There are many reasons for that but I think the most relevant one is that Jakob's Wife is not as much a horror or thriller movie as it is a pandering would be feminist treatise about the evils of marriage for women. A second reason is that even if I freely grant that horror movies can, have been, and even should be used as social critiques and political consciousness-raising tracts, I though this film didn't deliver a good mix between entertainment and commentary.
The filmmaker must make the antagonist worse than a morally dubious protagonist to win viewer sympathy. The Godfather did this well. Though Coppola depicts only criminals, he deftly shows us events through the Corleone eyes. Coppola details antagonist sins but not the Corleone crimes. The viewer identifies with the "good" Mafia Family. Coppola was reportedly concerned by how thoroughly he accomplished this; he therefore went out of his way in the sequel to emphasize that the Corleones were the bad guys.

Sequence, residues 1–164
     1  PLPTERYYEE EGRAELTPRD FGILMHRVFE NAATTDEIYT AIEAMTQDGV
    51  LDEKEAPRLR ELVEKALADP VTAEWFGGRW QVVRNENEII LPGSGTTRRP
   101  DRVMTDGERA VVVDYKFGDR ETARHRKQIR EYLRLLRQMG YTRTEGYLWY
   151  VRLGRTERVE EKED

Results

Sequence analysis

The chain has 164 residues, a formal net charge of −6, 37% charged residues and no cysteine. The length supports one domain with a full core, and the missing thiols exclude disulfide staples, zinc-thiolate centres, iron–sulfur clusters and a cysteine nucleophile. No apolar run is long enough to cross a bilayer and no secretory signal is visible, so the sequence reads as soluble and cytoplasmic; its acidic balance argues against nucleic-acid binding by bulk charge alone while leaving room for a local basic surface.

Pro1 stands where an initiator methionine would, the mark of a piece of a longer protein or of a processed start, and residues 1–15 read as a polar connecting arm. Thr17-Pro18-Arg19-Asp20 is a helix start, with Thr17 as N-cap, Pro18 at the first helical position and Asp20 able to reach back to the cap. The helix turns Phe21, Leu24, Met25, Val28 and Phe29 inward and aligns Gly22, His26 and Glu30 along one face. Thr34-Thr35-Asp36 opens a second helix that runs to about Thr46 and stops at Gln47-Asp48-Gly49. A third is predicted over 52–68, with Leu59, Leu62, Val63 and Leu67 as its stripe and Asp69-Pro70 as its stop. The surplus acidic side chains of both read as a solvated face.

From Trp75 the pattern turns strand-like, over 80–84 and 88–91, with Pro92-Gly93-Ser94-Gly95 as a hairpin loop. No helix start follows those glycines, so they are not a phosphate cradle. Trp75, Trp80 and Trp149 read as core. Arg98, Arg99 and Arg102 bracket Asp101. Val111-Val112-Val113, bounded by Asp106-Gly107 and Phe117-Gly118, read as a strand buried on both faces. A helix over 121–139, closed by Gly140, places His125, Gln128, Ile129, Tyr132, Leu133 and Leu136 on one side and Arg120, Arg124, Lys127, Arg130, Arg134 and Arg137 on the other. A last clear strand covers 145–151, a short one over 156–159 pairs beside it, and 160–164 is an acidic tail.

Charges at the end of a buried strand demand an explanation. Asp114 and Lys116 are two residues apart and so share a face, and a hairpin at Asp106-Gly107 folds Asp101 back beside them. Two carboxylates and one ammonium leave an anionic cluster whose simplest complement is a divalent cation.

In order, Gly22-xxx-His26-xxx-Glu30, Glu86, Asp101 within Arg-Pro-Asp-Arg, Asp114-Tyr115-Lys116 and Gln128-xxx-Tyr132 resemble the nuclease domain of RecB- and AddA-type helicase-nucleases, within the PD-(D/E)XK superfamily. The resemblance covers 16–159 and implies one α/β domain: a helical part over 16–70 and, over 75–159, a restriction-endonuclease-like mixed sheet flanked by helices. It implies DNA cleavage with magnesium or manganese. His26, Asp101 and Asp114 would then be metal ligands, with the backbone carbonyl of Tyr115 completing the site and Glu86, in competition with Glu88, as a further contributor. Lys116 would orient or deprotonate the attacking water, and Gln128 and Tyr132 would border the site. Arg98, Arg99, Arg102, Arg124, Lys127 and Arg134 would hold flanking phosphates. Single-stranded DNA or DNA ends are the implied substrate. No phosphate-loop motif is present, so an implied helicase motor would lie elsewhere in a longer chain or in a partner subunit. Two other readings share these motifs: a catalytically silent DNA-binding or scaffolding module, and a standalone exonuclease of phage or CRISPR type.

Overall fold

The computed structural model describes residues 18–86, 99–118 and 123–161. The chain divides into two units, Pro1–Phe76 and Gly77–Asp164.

Rob Zombie pulled off  a similar trick in The Devil's Rejects. His protagonist family is evil but the members love and sacrifice for each other. The final reason I wasn't that impressed with Jakob's Wife was that once again the Black person (in this case a Black woman) died first.

Saturday, April 17, 2021

Movie Reviews: The Big Heat

The Big Heat (1953)
directed by Fritz Lang
This earlier film starred film noir standouts Gloria Grahame and Glenn Ford, who were later seen together in Human Desire, also directed by Fritz Lang. 
It is one of the better noir films narratively and visually.